The dewpoint was a bitch today. I don't altogether mind such weather under certain circumstances; though lately those situations seem well beyond my reach, and at any rate the life of the flesh is mostly denied me the past two years and more. Who needs humidity, when nudity is so rare? We've traded laziness for air conditioning, another menace of mechanization in some ways. But the broken-down A/C was no abstract concern this morning -- with temps varying so widely from space to space at work, and some of the kids at the charter school having seizure disorders which can be triggered by something as subtle as the air-temp changes from a cooled room to an muggy one. Resolved, hours later and thank God. After two glasses of wine (3?) and a third of a beer, I can honestly say that the natural world went on without me this afternoon. I had to wear a sweater, in the office.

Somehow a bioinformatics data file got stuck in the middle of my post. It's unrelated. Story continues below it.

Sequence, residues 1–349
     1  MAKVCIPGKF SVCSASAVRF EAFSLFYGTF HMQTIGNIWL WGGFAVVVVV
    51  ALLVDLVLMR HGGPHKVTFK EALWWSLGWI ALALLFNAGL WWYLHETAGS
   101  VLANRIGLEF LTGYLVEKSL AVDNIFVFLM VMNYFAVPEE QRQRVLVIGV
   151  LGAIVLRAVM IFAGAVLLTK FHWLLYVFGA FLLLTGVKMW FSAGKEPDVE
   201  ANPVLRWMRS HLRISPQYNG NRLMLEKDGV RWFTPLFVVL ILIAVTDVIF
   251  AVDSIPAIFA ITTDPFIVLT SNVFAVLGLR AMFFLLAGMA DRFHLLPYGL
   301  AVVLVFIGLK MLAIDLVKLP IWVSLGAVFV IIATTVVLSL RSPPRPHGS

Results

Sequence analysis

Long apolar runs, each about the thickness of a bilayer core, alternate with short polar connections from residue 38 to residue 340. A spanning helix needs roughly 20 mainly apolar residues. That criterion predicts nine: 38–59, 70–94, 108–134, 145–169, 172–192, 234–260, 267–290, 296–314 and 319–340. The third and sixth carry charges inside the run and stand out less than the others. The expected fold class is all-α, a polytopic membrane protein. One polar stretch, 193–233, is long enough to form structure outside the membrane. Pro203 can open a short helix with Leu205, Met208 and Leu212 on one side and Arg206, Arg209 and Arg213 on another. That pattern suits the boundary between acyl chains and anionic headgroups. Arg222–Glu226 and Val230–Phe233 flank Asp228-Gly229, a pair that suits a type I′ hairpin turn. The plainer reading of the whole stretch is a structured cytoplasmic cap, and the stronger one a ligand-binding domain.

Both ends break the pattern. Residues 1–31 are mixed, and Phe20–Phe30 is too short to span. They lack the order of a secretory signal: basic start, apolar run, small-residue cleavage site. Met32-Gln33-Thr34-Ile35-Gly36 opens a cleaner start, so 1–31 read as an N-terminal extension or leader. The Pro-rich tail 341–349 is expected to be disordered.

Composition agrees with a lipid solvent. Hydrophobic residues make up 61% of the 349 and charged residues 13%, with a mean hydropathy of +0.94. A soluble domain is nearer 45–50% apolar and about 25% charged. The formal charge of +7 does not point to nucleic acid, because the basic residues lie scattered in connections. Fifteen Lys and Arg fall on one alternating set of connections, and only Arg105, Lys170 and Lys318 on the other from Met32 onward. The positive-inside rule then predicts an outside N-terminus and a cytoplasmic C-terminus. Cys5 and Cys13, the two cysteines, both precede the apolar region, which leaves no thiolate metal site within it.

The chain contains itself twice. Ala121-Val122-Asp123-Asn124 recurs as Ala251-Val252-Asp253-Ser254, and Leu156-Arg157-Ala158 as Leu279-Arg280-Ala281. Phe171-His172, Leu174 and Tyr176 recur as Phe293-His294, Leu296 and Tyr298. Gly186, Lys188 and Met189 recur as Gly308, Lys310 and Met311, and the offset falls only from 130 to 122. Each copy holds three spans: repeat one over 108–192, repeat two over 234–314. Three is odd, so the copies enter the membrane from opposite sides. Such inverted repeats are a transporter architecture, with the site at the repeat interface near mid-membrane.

Do birds moan? Little birds? By this I mean to say that I wonder if they express frustration or longing, or grief. I'm not just talking about some noise that pigeons make. God knows birds get upset -- I've heard the indignant alarms in the backyard trees when our cats are out, as the robins with nests high above in the pines raise their pitch to warning cries -- needless, since our cats are either too old or too timid to climb after baby birds. I've heard the helpless, anguished desperation of songbirds in futile battle against a marauding jay, pecking uselessly at the much-larger bird as it murders the sparrow young. And finches always sound kind of anxious, calling out to one another. So grief, yes. Frustration, probably -- bitching at juvenile offspring who still trail after parenting pairs complaining of hunger when they're quite capable of fending for themselves. Longing? Maybe, in the calls of male cardinals or white-throated sparrows in search of a mate. But I'm anthropomorphizing.
I wonder if birds really notice the dewpoint.